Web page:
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Atmospheric River

Started: 2021-12-15 09:39:26

Submitted: 2021-12-15 11:02:41

Visibility: World-readable

Looking out at the roiling ocean in a winter storm

On Sunday it started raining in Santa Cruz, and by Monday the rain had turned into a deluge. I watched the weather radar and weather reports, and I found the Weather Service's nearest stream gauge (on the San Lorenzo river just upstream of Santa Cruz), and during lunch I drove down to East Cliff to watch the waves.

Waves breaking on Seabright Beach
Waves breaking on Seabright Beach

I parked on the bluff on the left bank of the San Lorenzo River, immediately above Seacliff Beach. I was not the only person who'd come to look out at the ocean: there were other people walking around in rain coats and struggling against the wind to get their own pictures of the storm.

Waves breaking on Walton Lighthouse on Seabright Beach
Waves breaking on Walton Lighthouse on Seabright Beach

The pictures here fail to do the scene justice: when I stepped to the edge of the bluff there was a brisk wind blowing straight into my face off the ocean, pelting rain into my face and into my camera lens. The wind was hard enough that it felt hard to breathe when I faced into the wind. With all the rain my camera had trouble figuring out what to autofocus on. The best word I have for the ocean was roiling: huge frothy waves were crashing onto the beach, spraying foam onto the the sand. Above the reach of the water the wind whipped the foam into more waves. The waves looked dirty and angry, and I had no desire to get anywhere closer to the beach than observing it from what I hoped was a safe distance tens of meters away on the bluff.

Waves breaking off Cliff Drive
Waves breaking off Cliff Drive

Immediately to the west the mouth of the San Lorenzo River separated me from Santa Cruz's Main Beach and the Beach Boardwalk. Frothy waves broke along the length of Main Beach in front of the roller coasters and summertime amusements, now shut down for the winter storm.

Waves breaking on Main Beach in front of the Santa Cruz Boardwalk
Waves breaking on Main Beach in front of the Santa Cruz Boardwalk

The San Lorenzo River was running full but well within its banks. I watched logs and branches flow downstream in the muddy chocolate-colored water and empty into the ocean. The nearest monitor upstream showed the river crested at 16 feet, just below the "action" threshold and still a few feet below flood stage. (Further upstream towards Felton several low-lying communities along the banks of the river were placed under an evacuation warning due to flooding combined with debris flow in the scar left by the CZU Lightning Complex fires last summer.) As I drove to the ocean overlook I came face-to-face with the levee forming the river's left bank, towering above the road and dwarfing the pumping station at its base. Most of the time the river remains low enough that the levee was high and dry on both sides, but today the levee was doing its job otherwise the ground I was driving on, and the houses surrounding me, would be underwater.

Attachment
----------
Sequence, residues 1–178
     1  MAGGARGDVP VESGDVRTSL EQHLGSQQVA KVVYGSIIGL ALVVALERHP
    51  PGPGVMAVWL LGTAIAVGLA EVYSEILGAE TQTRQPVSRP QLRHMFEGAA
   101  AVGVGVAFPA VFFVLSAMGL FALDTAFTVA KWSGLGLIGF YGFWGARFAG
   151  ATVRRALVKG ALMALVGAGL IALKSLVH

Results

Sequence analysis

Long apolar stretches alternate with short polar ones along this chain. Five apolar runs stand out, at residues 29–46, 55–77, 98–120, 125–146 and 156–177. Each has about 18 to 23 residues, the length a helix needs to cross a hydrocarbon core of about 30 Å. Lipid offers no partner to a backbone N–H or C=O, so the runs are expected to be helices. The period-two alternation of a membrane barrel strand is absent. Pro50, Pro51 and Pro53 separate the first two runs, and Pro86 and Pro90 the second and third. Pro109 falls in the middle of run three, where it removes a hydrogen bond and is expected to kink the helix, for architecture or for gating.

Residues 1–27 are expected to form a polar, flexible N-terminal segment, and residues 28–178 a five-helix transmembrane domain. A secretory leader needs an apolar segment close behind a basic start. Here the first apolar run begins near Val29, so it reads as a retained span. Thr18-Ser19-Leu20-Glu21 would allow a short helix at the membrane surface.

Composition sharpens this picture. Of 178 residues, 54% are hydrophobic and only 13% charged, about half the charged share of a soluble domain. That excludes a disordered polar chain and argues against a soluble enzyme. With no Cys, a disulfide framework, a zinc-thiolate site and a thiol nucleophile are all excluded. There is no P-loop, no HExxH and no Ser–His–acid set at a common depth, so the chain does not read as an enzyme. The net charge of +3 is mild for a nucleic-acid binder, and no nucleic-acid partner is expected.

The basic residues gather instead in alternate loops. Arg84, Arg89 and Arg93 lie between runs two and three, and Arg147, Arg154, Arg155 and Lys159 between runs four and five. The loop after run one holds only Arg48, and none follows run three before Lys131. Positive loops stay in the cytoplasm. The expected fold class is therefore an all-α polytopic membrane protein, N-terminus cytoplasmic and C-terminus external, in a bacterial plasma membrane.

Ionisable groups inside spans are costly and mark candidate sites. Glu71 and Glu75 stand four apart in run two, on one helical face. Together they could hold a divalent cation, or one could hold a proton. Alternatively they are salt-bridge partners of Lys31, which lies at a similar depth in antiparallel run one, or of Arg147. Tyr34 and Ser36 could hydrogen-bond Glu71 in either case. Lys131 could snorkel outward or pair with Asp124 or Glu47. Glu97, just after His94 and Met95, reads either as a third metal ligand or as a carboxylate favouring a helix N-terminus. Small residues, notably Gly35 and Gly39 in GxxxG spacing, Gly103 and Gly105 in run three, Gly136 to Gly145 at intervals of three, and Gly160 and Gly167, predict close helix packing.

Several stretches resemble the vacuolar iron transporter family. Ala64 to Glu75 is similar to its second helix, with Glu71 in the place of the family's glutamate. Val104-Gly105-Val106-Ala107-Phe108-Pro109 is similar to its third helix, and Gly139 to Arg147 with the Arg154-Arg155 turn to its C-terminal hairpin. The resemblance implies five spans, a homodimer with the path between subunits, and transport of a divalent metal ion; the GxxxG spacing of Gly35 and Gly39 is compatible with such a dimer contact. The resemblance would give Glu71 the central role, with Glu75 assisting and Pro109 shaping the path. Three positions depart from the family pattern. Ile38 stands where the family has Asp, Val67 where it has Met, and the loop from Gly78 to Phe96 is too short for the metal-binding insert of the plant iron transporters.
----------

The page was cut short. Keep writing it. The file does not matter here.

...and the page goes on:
San Lorenzo River running full during a winter storm
San Lorenzo River running full during a winter storm

During the summer, the San Lorenzo River becomes a lagoon, stopping just short of the ocean when its dry-season flow is no longer able to clear the sand deposited at its outlet by the off-shore currents. This problem is apparently exacerbated by the breakwater built on the other end of Seabright Beach to protect the entrance to Santa Cruz Small Craft Harbor; more sand piles up at on the berm in front of the lagoon and as a result the water in the lagoon is higher and less healthy for the fish that try to live in the river over the summer. (My normal morning running route takes me down to the mouth of the San Lorenzo River, giving me a view of the current state of the lagoon. When our first storm breached the lagoon earlier this fall, the water level in the lagoon dropped a couple of feet, leaving behind a noticeable bathtub ring at the old water level.) Santa Cruz has a plan to install a permanent drain to keep the water level lower.

Waves breaking on Main Beach
Waves breaking on Main Beach

The Weather Service called this an "Atmospheric River", a large storm system blowing in from the Pacific Ocean packed with moisture that turned into rain as soon as it hit land and the Coast Range started squeezing the water out of the clouds.

San Lorenzo River running under the rail bridge
San Lorenzo River running under the rail bridge

After a few minutes on the top of the bluff, marveling at the force of the waves breaking on the beach and the wind coming straight in from the ocean, I walked down to the foot bridge crossing the San Lorenzo River immediately next to the rail bridge. The one-block walk along East Cliff Drive to the bridge exposed me to the full force of the storm: by the time I reached the bridge my clothing was soaking wet. (I at least had a good rain coat.) I walked half-way across the foot bridge and squinted at the mouth of the river through the trusses of the rail bridge, with my camera lens covered in rain, before heading back to my car and driving home to change into dry clothes.

San Lorenzo River empties into the Pacific Ocean
San Lorenzo River empties into the Pacific Ocean

I am beginning to appreciate how coastal California handles winter rain: it'll rain consistently for a day or two, and then, just as I'm beginning to think that I've had enough rain, the rain will stop and the sun will come out again. And when the rain does come, it puts on an impressive show.

Well, this was a family outing. Ya know, one of
those occasions where four people try to get
together for an evening, and it's considered a
success if no one has been murdered by the time
it's over.
- Bitscape